Getting to the bottom of this enigma could help determine whether mortgage lenders are dysfunctional, greedy or simply trying to do their job in a sensible way.




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Right now, borrowers are paying around 3.55 percent for a 30-year fixed rate mortgage that qualifies for a government guarantee of repayment. That's down from 4.1 percent a year ago, and 5.06 percent three years ago.




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Mortgage rates have declined as the Federal Reserve has bought trillions of dollars of bonds, a policy that aims to stimulate the economy. Last week, the Fed said it would make new purchases, focusing on bonds backed by mortgages.




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The big question is whether those purchases lead to even lower mortgage rates, as the Fed chairman, Ben S. Bernanke, hopes.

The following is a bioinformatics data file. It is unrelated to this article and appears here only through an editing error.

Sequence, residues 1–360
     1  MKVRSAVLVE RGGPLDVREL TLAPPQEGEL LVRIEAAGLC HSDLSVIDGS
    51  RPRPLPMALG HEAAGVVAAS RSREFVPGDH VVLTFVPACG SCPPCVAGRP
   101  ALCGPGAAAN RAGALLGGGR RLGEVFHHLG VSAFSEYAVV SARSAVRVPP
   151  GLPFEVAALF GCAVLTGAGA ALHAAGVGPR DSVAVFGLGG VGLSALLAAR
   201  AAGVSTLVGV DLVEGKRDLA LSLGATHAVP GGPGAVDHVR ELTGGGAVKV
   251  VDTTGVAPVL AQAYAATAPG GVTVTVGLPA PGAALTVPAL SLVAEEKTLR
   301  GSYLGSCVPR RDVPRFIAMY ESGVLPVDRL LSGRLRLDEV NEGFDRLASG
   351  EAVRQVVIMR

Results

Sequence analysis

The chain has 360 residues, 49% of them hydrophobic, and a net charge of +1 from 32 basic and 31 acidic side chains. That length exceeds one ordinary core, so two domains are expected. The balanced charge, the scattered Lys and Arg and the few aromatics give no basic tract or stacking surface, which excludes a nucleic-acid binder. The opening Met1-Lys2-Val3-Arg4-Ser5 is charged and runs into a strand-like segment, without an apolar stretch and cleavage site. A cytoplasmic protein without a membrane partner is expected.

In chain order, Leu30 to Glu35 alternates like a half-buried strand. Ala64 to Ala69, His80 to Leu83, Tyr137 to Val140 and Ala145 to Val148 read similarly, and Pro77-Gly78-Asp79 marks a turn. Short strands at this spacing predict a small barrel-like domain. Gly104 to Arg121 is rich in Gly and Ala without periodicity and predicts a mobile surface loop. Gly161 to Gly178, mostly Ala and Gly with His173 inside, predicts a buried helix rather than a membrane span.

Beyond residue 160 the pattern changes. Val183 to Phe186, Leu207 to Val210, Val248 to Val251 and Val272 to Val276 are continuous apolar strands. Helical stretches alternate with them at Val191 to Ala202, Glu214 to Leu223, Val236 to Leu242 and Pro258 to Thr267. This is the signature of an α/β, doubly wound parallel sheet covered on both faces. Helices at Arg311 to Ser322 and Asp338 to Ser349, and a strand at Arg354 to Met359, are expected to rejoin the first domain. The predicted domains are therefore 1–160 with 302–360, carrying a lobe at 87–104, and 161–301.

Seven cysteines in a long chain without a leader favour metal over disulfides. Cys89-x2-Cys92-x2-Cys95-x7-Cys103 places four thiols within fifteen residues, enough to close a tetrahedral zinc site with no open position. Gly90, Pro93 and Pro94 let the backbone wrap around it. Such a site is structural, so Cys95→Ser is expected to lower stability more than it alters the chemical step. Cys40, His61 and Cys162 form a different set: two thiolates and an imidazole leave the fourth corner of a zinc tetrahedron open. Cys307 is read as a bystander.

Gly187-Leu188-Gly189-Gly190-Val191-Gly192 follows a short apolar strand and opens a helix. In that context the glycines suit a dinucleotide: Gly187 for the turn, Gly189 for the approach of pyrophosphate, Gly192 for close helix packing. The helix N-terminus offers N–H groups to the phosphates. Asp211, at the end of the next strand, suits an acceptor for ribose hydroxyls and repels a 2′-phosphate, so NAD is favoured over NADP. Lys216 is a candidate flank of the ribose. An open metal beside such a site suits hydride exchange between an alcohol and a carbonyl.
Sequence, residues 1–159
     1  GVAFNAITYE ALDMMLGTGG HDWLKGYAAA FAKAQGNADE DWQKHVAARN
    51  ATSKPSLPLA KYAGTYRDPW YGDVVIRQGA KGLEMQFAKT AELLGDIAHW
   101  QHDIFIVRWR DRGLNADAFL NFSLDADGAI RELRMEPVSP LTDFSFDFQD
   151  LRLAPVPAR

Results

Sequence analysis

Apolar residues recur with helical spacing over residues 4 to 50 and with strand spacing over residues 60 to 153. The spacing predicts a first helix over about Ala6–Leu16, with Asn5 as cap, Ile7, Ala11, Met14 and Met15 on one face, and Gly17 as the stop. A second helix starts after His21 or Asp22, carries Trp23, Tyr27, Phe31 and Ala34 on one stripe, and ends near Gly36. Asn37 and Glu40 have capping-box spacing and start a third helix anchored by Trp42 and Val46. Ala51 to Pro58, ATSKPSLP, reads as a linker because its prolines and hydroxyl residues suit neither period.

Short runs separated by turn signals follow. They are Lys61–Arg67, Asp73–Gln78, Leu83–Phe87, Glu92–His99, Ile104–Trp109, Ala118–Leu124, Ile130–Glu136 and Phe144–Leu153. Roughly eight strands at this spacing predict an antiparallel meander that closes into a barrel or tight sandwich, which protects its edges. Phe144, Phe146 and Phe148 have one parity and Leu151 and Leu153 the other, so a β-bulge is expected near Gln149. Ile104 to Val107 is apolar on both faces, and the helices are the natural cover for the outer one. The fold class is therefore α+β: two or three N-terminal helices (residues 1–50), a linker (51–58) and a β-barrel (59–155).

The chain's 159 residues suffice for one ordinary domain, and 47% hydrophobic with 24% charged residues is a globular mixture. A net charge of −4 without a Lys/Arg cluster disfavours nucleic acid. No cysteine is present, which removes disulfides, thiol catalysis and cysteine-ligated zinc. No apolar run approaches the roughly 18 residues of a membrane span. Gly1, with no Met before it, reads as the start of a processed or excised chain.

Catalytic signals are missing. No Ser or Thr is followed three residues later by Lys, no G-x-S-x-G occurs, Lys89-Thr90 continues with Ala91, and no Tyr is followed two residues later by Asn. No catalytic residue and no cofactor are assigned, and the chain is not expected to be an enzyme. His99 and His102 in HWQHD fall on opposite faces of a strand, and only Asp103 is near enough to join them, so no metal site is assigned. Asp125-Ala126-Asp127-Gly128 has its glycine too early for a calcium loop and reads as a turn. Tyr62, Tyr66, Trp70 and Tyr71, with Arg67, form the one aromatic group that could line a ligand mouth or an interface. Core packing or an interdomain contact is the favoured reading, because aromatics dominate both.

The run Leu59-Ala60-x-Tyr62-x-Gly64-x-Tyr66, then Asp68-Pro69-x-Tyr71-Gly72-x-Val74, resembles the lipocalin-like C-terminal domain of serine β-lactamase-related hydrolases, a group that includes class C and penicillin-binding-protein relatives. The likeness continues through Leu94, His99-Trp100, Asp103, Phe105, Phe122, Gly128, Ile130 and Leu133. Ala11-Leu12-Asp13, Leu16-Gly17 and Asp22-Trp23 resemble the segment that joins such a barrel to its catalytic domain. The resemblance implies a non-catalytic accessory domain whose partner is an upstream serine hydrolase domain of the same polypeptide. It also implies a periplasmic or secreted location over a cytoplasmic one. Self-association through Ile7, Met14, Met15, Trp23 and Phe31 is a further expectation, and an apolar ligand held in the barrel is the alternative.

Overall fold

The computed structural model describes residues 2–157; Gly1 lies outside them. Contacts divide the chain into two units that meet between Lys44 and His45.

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But mortgage rates may not decline substantially from here. Something weird has happened. Pricing in the mortgage market appears to have gotten stuck. This can be seen in a crucial mortgage metric.





Banks make mortgages, but since the 2008 crisis, they have sold most of them into the bond market, attaching a government guarantee of repayment in the process.





The metric effectively encapsulates the size of the gain that banks make on those sales. In September 2011, banks were making mortgages with an interest rate of 4.1 percent. They were then selling those mortgages into the market in bonds that were trading with an interest rate, or yield, of 3.36 percent, according to a Bloomberg index.






The metric captures the difference between the bond and mortgage rates; in this case it was 0.74 percentage points. The bigger the "spread," the bigger the financial gain for the banks selling the mortgages. That 0.74 percentage point "spread" was close to the 0.77 percentage point average since the end of 2007. Banks were taking roughly the same cut on the sales as they were in previous years.






But something strange has happened over the last 12 months. That spread has widened significantly, and is now more than 1.4 percentage points. The cause: bond yields have fallen a lot more than the mortgage rates banks are charging borrowers.